# Algorithm Spotlight: Floyd’s Cycle Detection Algorithm

## Last Updated: March 8, 2021

Welcome to the second week of Algorithm Spotlight! This week our featured algorithm is…drum roll please…Floyd’s Cycle Detection Algorithm!

Right before we begin, if you missed out on the previous episode, here’s the Euclidean Algorithm article:

# The Problem Statement

Given a linked list, determine if it has a cycle in it.

To represent a cycle in the given linked list, we use an integer `pos`

which represents the position (0-indexed) in the linked list where the tail connects to. If `pos == -1`

, then there is no cycle in the linked list.

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**Example 1:**

**Input:** head = [3,2,0,-4], pos = 1

**Output:** true

**Explanation:** There is a cycle in the linked list, where tail connects to the second node.

# Idea 1: Use a Set

The naive way of solving a cycle detection problem like this can be solved easily with a set:

# Idea 2: Floyd’s Cycle Detection Algorithm

The first approach was a great idea, except it isn’t very smart. Let’s try to improve the code with Floyd’s Cycle Detection Algorithm.

The idea behind Floyd’s Cycle Detection Algorithm is where there are two pointers - a fast pointer (“hare”) and a slow pointer (“tortoise”). The slow pointer moves one step at a time, while the fast pointer moves two steps. Both pointers will move around the (possibly cyclic) list. If the list is not cyclic, both pointers will never contain the same data. If the list is cyclic, sooner or later, both pointers will meet. (see below for proof)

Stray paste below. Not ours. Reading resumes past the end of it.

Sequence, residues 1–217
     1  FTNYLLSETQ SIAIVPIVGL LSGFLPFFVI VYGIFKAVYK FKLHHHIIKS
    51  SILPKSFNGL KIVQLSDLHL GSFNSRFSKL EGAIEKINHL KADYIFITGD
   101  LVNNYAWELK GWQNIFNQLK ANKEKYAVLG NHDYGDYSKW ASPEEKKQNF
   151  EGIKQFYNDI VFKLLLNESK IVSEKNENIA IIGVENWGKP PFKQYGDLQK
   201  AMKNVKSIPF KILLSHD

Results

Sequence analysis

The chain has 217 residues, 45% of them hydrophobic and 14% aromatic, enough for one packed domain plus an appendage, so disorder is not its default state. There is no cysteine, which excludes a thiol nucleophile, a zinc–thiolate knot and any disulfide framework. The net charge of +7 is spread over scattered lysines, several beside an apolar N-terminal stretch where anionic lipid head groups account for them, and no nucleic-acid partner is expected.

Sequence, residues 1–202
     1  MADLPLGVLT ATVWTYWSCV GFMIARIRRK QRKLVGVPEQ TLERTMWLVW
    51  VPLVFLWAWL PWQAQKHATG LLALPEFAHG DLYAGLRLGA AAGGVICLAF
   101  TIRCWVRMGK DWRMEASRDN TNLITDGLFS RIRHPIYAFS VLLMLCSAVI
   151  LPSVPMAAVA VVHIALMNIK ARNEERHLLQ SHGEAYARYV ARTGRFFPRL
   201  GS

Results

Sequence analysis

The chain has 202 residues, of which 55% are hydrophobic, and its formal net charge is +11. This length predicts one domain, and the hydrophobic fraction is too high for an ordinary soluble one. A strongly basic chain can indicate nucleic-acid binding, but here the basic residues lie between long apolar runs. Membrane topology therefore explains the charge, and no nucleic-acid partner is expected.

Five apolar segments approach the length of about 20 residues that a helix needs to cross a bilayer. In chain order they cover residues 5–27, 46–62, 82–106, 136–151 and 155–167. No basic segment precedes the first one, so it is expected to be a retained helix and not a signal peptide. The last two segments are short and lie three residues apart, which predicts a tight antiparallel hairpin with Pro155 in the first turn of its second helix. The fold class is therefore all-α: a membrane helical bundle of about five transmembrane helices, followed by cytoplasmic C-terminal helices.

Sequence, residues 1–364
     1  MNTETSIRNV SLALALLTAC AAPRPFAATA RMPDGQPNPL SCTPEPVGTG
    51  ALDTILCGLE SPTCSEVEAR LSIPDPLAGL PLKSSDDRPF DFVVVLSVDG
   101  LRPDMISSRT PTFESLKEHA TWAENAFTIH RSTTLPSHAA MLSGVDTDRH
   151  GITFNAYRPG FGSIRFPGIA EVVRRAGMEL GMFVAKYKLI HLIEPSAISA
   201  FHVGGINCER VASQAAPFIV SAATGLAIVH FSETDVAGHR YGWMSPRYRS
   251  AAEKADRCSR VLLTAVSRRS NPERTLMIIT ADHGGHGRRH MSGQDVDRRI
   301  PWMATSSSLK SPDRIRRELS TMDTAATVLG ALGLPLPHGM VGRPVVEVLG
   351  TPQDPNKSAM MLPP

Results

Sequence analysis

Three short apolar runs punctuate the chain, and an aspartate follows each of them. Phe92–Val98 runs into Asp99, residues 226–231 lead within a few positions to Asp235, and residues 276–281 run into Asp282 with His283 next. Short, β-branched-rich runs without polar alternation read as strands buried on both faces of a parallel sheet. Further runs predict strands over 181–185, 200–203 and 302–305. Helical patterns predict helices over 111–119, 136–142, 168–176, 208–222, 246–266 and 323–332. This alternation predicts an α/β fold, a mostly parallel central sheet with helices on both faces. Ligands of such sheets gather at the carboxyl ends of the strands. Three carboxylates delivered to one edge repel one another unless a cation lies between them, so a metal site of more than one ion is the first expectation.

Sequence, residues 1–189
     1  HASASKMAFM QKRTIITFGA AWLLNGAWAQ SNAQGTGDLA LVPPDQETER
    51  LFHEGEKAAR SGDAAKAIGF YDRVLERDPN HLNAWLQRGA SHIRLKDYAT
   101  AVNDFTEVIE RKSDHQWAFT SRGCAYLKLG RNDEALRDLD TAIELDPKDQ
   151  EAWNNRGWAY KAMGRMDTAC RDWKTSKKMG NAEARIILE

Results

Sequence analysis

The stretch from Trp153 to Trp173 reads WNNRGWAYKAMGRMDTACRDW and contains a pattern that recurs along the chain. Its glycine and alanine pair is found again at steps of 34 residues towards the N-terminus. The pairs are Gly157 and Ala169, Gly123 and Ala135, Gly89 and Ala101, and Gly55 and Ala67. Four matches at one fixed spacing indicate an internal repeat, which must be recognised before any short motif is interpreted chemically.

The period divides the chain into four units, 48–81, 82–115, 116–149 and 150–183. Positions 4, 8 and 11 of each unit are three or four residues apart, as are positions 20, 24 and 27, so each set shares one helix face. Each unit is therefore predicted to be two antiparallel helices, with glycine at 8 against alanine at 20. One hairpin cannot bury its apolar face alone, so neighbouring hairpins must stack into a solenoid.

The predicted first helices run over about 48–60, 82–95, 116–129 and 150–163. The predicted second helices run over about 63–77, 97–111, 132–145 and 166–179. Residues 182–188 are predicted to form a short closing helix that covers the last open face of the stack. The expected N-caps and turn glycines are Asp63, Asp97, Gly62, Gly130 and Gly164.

Now let’s **prove** that Floyd’s Cycle Detection Algorithm works mathematically. We can set the distance from the beginning to the start of the cycle to be *x*, the distance from the start of the cycle to the first place where the fast and slow pointer meets *y*, and the distance from *y* to the start of the cycle *z*.

Now we have our variables, we can define how many steps the fast and slow pointer moves:

fast pointer: *x + 2y + z*

slow pointer: *x + y + z*

Want to see the proof that the two pointers will meet? Check it out: https://math.stackexchange.com/questions/913499/proof-of-floyd-cycle-chasing-tortoise-and-hare/913529#913529.

Now that you have a solid understanding of Floyd’s Cycle Detection Algorithm, let’s implement it!

# Implementing Floyd’s Cycle Detection Algorithm

Great work! Now onto some fun practice problems!

# Problems

As always, practice makes perfect, so here are some sample problems for you to practice. Good luck!

Hints:

- We can break this problem down into two steps:

- Finding if there is a cycle in the linked list
- If there is a cycle, find the node where the cycle begins

Hints:

- The idea here is the same as Linked List II, except for this is an array,
**not**a linked list.

Hints:

- At each step, perform the operation described, then check if the operations performed so far is a cycle.